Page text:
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Article title: A Discriminating Device to Detect Antineutrinos.
Inside a nuclear reactor such as the Advanced Test Reactor at Idaho National Laboratory, Cerenkov radiation (the blue glow) is produced as part of the fission processes occurring within the reactor core. This same radiation could be useful in detecting antineutrinos. (Courtesy of Idaho National Laboratory.)

INSIDE a nuclear reactor, as uranium and plutonium undergo fission, an eerie, blue glow emanates from the reactor core. Called Cerenkov radiation, this light is produced when charged particles travel faster than the speed of light within a dielectric (nonconductive) material, such as water, whose refraction index reduces the light’s speed from what it would be in a vacuum. Cerenkov radiation is typically used to measure the intensity of the fission processes within a reactor. Now, it has also become the basis for an antineutrino detector designed to improve monitoring capabilities at nuclear facilities and enhance international nonproliferation efforts.

With funding from the National Nuclear Security Administration’s Office of Nonproliferation and Verification Research and Development, scientists at Lawrence Livermore and Sandia national laboratories in California have been working together for years to build antineutrino detectors for national security applications. Previous prototypes used scintillator materials to detect these elementary particles and had to be located underground in an area near a reactor’s core. (See S&TR, July/August 2008, Antineutrino Detectors Improve Reactor Safeguards.) Although the devices were effective, not all reactors have underground galleries near their cores, which limits the number of sites where those detectors could be deployed.

A new water-based detector designed to operate aboveground would be easier to install than underground scintillator detectors and would reduce the environmental impact. “We designed the water-based detector based in part on feedback we received from IAEA [the International Atomic Energy Agency],” says Livermore physicist Adam Bernstein, who leads the project team. “IAEA wanted a device that could be shipped to a reactor site and easily positioned for monitoring. Our sponsors agreed that this would be a useful advance in the technology.”

IAEA is the world’s watchdog for monitoring nuclear reactors to ensure that nuclear materials in the reactor core are not diverted for use in weapons. By detecting antineutrinos—a natural by-product of the fission of uranium-235 and plutonium-239 within a reactor core—authorities can accurately monitor a reactor’s thermal power and fissile inventory and determine if further facility inspections are needed. (See S&TR, January/February 2006, Imaging Cargo’s Inner Secrets.) An aboveground antineutrino detector could be more efficient than the underground technology for determining whether nefarious activities are afoot.

The Antineutrino Two-Step
Detecting antineutrinos is a tricky business, partly because of their elusive nature. These nearly massless, uncharged particles have a low interaction probability. That is, they can travel hundreds of thousands of kilometers without ever interacting with matter. Researchers can compensate for the low interaction probability by taking advantage of the huge flux of antineutrinos that pass through detectors located a few tens of meters from a reactor’s core. Tests using prototype devices reliably measured a few hundred interactions per day—an event rate high enough to accurately predict whether a reactor is operating under normal conditions.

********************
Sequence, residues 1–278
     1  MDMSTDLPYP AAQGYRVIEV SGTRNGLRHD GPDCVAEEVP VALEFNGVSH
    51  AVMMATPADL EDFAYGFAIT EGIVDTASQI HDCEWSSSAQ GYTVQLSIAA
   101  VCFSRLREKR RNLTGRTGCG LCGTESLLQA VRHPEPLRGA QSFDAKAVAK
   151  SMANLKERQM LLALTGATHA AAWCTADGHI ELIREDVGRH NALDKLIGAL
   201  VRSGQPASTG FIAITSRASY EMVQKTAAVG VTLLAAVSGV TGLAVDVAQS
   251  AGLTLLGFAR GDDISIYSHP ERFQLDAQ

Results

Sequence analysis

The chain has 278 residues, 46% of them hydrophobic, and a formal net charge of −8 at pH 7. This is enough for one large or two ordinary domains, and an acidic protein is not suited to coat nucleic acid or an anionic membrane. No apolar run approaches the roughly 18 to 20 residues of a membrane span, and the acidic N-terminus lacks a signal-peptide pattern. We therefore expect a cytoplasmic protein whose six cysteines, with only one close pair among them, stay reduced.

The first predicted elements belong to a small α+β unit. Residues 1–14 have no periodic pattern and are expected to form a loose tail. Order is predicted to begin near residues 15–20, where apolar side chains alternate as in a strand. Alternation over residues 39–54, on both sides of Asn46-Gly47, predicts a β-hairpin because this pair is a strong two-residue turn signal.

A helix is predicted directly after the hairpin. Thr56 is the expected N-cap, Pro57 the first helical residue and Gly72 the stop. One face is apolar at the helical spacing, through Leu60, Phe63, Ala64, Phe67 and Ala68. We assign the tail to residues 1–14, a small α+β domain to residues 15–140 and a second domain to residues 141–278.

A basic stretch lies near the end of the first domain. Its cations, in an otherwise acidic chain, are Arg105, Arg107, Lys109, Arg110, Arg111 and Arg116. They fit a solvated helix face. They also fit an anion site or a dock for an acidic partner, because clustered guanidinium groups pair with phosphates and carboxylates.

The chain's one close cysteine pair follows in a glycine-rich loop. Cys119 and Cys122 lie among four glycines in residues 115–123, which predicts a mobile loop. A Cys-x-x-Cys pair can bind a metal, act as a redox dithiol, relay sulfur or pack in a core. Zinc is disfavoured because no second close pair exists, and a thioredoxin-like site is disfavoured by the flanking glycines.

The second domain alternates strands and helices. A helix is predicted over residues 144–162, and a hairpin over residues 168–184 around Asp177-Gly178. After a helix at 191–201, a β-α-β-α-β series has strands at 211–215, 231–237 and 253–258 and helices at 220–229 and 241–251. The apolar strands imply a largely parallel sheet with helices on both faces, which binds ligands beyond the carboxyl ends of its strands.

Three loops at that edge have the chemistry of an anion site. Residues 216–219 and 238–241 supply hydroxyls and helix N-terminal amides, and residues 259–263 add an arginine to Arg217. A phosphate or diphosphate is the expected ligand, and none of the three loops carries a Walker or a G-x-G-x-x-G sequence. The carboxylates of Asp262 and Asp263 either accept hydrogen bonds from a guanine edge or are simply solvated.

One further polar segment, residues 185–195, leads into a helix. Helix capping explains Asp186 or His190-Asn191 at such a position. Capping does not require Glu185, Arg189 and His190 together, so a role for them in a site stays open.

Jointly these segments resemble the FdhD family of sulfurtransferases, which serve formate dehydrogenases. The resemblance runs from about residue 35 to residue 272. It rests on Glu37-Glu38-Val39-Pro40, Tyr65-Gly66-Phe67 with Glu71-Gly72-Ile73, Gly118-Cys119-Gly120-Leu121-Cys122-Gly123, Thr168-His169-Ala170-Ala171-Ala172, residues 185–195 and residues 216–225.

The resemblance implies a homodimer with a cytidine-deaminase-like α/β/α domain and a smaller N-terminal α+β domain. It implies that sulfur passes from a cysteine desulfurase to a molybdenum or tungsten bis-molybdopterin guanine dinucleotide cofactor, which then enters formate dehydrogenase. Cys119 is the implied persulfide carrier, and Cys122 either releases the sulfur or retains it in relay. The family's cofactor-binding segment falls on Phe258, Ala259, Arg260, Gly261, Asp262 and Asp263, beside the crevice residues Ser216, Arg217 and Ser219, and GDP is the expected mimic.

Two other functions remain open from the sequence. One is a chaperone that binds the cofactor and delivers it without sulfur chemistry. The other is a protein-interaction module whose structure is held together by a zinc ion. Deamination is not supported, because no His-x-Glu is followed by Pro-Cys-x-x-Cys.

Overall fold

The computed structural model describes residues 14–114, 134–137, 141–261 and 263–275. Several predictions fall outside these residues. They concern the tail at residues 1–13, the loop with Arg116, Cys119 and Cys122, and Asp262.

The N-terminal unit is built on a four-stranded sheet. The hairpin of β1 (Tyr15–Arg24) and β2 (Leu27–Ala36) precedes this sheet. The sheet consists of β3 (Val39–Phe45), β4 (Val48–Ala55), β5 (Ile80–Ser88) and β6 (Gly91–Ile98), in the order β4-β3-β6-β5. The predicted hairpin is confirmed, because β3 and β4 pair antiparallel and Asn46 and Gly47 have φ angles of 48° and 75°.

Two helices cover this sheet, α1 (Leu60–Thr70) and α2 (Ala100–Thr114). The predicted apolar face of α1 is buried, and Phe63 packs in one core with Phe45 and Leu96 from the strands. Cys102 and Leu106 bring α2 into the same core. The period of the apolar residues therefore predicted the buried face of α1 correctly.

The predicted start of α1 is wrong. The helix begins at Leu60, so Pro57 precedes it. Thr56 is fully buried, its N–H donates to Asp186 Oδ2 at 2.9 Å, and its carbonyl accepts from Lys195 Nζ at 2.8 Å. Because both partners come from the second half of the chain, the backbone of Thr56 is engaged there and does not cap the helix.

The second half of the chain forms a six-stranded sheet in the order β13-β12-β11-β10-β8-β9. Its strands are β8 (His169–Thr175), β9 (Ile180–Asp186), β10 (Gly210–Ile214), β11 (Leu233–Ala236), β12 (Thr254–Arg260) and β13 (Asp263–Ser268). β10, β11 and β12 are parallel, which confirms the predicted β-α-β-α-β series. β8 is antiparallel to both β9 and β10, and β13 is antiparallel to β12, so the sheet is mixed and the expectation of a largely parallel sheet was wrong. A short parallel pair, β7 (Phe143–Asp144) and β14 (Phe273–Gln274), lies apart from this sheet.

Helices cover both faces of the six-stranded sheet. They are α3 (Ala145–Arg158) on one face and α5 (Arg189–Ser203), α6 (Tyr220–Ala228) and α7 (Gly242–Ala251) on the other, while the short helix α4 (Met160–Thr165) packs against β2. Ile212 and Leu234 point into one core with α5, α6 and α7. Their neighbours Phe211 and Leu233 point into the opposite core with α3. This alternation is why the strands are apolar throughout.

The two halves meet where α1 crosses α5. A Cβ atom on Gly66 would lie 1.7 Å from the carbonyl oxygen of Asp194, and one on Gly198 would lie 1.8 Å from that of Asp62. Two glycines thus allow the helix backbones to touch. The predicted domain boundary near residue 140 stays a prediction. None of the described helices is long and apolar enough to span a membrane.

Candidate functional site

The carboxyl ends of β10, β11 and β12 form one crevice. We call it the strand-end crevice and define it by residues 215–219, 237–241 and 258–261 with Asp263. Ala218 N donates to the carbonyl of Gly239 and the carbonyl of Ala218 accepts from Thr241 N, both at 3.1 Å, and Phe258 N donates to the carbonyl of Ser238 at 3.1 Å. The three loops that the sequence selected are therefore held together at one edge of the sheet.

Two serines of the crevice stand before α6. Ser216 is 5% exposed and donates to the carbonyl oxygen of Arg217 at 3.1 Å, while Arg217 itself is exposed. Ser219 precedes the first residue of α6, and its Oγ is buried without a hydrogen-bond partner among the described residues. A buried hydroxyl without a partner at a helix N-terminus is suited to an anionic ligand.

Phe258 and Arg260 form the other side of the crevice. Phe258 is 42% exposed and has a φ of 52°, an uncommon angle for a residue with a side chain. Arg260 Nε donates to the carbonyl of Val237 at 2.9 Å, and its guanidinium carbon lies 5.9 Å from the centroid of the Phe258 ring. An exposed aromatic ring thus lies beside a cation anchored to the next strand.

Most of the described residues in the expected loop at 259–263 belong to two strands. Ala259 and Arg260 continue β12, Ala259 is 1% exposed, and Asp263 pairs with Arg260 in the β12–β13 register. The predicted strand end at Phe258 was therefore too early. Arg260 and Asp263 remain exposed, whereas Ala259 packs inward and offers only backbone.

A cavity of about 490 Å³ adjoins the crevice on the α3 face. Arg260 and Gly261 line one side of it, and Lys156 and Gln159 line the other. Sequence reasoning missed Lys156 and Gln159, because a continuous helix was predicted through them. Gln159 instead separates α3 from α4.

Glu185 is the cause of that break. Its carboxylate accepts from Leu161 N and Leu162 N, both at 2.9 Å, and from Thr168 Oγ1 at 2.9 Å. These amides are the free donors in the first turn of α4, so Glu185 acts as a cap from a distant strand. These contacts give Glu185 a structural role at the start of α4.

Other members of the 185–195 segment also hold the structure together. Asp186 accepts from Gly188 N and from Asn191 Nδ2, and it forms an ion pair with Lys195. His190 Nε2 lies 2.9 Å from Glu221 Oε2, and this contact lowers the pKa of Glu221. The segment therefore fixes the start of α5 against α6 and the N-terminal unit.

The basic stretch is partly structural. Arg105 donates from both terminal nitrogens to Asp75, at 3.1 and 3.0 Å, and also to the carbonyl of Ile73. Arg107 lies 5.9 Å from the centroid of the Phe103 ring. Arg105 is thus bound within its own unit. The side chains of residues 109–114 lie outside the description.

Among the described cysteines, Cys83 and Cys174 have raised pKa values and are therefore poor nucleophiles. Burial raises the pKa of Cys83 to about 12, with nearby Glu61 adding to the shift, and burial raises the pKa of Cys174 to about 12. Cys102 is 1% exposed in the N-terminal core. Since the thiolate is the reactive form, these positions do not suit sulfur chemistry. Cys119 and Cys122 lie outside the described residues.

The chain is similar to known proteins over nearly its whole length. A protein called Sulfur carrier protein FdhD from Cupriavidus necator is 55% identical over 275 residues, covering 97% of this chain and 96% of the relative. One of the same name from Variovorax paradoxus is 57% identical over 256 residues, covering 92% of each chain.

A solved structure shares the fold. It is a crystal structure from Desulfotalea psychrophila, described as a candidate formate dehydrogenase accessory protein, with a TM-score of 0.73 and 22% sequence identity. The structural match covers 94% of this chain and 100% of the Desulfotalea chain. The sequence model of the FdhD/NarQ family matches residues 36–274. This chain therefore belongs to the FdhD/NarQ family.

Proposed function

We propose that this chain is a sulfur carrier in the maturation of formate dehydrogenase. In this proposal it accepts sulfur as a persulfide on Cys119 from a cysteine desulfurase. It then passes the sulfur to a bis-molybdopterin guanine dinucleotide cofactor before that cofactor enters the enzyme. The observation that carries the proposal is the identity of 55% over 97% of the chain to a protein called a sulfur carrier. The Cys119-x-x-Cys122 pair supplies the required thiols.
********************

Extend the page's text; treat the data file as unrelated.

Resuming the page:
The antineutrino signal produced within a scintillator detector consists of two bright flashes of light that occur almost simultaneously, just a few tens of microseconds apart. Initial prototype detectors used scintillator doped with gadolinium to enhance this two-step signal. When an antineutrino collides with one of the many protons available within the scintillator–gadolinium mixture, it produces a positron and a neutron. The positron soaks up most of the antineutrino’s energy and creates a flash of light as it travels through the medium, before rapidly annihilating on an electron. The neutron loses energy as it bounces off protons in the scintillator, until it is absorbed by a gadolinium nucleus about 30 microseconds after the positron flash.

The captured neutron puts the nucleus into an excited quantum state, from which it immediately decays, giving off gamma rays. The gamma rays transfer energy to electrons, which then scintillate as they move through the medium, creating the second flash of light. Photomultiplier tubes detect the light from both flashes, and computer software analyzes and stores the information.

Detectors with a vat of homogenous scintillation fluid require a substantial amount of shielding, such as lead or polyethylene, as well as rock overburden to protect the material from background radiation in the environment, such as high-energy neutron radiation induced by cosmic muons. These particles rain down on the detector and mimic the antineutrino signal. “One challenge to building an aboveground detector was figuring out how to reduce the cosmic-ray-induced neutron background,” says Bernstein. “By using water instead of scintillator fluid, we’ve built a detector that may be able to do just that.”

Photo of Greg Keefer cleaning a component of a prototype antineutrino dectector and photo of Steve Dazeley assembling a photomultiplier tube array at the top of the prototype.
Livermore postdoctoral researcher Greg Keefer (left) carefully cleans the interior surfaces of a shell for a prototype antineutrino detector prior to installing other components. Dust or dirt could cloud the water and decrease the antineutrino signal strength. Laboratory physicist Steve Dazeley (right) assembles a photomultiplier tube array at the top of the prototype. Without shielding, the entire detector measures about 1 cubic meter.